Hi, I’m Tim and this is Fence Grade Smoke.
Hello! It’s been too long. Let’s catch up, shall we?
What has been aiding my recovery from writer’s block is likely the most obvious solution: reading. I’m not the most voracious reader, but as Stephen King has remarked in his memoir On Writing, and I’m paraphrasing here, “If you want to be a writer, read. Read, then read some more.” In the last few months I’ve sank my teeth into some incredible novels and discovered authors that I never would have otherwise by using my trusty friend Google and the local library. Through these works I’ve stretched my literary muscles and opened my perspective to complex facets of the human condition.
Take, for instance, Mysterious Skin by Scott Heim. I had watched the film adaptation multiple times, and have become a huge fan of the soundtrack, composed by Harold Budd and Robin Guthrie. I turn on this forty-three minute album of nostalgic, melancholy, ambient treasure every night as I fall asleep, and have done so for the last couple of years, never growing tired of the beautiful and yet haunting symphony of sound.
Naturally I was curious to read the book that the film is based on and my god, that was an experience. The story, centered around two teenage boys, follows them independently as one comes to terms with his homosexuality by compartmentalizing the sexual abuse he suffered as a child and romanticizing the acts. The other teen struggles to piece together his own past, stuck on a night when he was eight years old and woke up in a crawl space having lost hours of his life, chalking it up to an alien abduction incident. There was so much soul in this book, and while it was deeply disturbing at parts, the language was enticing and sucked me into the lives of these troubled teens.
Needless to say the novel sparked a fire in me to sink into other works, and I’ve compiled a small pile of novels that I’ve read since leaving the characters of Mysterious Skin behind. One novel I read stood out like Skin, because it legitimately frightened me and also captured my imagination in a way that no book had since House of Leaves (by Mark Z. Danielewski).
Paul Tremblay’s A Head Full of Ghosts is a horror novel that focuses on the life of a woman named Merry as she recounts the events that surrounded the apparent demonic possession of her fourteen year old sister Marjorie when she, herself, was eight years old. Most of the events were televised and recreated in a reality show, which helps Merry untangle her own twisted memories from reality. I won’t go much more into it, but all I can say is…bravo, Mr. Tremblay. There were so many twists and turns in the novel that I felt thrown for a loop as I reached the end, literally gasping at the final revelations of Merry’s story. I cannot recommend that novel enough. I really believed I would not find a novel as compelling as Ghosts for a while after I put it down.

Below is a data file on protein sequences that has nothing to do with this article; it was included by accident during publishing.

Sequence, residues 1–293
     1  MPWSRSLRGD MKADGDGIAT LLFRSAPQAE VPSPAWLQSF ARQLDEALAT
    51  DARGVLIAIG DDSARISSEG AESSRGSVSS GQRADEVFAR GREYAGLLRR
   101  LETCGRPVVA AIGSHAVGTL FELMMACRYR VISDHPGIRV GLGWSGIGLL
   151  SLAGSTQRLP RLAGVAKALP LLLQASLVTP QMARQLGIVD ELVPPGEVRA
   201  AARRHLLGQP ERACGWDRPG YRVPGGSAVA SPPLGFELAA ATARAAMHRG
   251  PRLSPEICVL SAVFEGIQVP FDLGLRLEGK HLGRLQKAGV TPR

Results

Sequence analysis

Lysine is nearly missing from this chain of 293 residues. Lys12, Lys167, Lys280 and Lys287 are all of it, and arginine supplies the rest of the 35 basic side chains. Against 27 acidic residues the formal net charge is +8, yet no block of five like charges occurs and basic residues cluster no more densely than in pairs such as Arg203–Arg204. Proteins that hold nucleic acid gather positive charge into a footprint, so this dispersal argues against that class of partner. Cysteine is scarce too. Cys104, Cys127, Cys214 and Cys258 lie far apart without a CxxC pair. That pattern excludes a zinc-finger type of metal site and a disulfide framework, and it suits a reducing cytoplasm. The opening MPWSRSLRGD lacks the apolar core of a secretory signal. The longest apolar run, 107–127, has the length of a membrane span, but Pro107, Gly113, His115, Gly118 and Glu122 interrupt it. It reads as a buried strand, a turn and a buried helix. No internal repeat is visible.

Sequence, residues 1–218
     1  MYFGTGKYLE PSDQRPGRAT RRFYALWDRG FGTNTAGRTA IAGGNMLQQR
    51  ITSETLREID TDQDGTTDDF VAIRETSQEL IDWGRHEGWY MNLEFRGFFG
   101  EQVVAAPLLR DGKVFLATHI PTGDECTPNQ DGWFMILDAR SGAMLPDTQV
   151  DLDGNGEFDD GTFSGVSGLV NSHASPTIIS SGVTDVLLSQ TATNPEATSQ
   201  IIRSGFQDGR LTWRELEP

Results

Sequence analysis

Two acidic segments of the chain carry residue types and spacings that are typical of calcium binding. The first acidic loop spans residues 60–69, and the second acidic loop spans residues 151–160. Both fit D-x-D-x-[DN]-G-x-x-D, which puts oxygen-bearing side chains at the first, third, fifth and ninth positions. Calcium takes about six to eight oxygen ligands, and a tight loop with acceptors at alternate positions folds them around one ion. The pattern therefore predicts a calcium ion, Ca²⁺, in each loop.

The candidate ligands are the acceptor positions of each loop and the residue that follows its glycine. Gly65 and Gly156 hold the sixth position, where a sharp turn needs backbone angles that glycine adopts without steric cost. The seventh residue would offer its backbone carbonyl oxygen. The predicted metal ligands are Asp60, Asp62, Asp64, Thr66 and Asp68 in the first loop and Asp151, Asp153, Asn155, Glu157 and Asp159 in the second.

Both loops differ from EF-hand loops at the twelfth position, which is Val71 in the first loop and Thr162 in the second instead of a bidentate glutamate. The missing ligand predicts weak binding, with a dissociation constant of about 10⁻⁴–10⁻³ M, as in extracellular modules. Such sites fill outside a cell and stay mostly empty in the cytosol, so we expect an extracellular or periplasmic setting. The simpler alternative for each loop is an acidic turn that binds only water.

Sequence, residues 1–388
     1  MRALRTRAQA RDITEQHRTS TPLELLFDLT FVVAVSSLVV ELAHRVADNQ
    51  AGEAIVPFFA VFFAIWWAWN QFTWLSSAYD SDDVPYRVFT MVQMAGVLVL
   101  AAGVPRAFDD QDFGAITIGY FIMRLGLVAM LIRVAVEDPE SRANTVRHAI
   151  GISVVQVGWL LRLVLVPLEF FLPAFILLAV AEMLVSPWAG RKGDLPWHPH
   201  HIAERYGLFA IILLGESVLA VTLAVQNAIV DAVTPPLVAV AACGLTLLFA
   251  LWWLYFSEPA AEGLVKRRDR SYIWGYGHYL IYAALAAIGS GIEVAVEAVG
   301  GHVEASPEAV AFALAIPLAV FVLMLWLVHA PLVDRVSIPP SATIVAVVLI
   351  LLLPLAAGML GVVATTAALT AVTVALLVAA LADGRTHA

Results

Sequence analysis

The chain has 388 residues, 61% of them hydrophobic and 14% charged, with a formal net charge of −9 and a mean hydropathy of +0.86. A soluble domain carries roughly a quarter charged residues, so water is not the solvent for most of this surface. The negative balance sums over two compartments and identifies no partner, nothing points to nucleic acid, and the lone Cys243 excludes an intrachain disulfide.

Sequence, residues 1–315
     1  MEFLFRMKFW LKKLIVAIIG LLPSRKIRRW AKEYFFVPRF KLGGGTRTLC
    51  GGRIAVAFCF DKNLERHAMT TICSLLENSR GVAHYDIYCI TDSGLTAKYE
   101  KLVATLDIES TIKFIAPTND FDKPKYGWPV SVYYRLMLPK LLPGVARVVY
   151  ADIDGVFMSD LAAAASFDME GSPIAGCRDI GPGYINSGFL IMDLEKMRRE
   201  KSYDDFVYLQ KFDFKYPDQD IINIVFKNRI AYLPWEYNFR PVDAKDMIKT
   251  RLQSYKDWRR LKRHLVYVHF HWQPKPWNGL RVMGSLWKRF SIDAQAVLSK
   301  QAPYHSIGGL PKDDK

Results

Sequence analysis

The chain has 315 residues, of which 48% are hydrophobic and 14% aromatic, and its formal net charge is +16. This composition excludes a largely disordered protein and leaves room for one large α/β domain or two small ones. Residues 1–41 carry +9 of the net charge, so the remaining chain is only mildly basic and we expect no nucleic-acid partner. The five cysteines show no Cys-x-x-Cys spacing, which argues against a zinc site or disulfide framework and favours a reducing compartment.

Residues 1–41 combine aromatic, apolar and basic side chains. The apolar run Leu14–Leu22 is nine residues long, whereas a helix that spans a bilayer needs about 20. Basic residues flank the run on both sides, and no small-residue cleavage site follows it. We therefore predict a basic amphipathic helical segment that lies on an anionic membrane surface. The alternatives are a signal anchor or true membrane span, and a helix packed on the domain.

Luckily, I didn’t have to look too far.
Tremblay’s follow up novel, Disappearance at Devil’s Rock, like Ghosts, has been haunting me since I finished it (which was only about twenty-four hours ago, but still). This novel is about the disappearance of thirteen year old Tommy Sanderson, who vanished one night when he and his two friends were playing in the woods. As the story unravels we discover more about Tommy, his friends, a mysterious stranger named Arnold, and the impact that his disappearance has on the lives of his immediate family (mother, sister, and grandmother) and those of his friends, who try to hold onto their own secrets before all is revealed in one shocking conclusion. That may sound hyperbolic but I’m not being cheeky, I was floored by the grand reveal.
Again, I can’t go too deeply into the novel, but if you’re a fan or have seen the Australian horror/true crime mockumentary film Lake Mungo (2008), then you’re in for a real treat. Even if you haven’t seen the film (which is NOT directly related to Tremblay’s novel, aside from its similar story beats and allusions), read this book. I’ll admit that the book didn’t really “click” for me until I realized that it was a love letter/its own take on Mungo. But even if I had never seen Mungo, it still would have been just as intriguing. Both focus on a paranormal phenomenon that is honestly becoming one of my most beloved (and feared) myths, but I can’t say more.
So that’s what I’ve been up to lately. Fighting writer’s block head on with literature, and I will admit, writing some new material that I hope to publish soon (professionally, or on here exclusively). I hope that you all are doing well, and I look forward to connecting with you more. Fence Grade Smoke will balloon someday, but until then, I appreciate every “like” that these posts receive from my humble audience.
And with that, I’m going to back to books.
Until next time.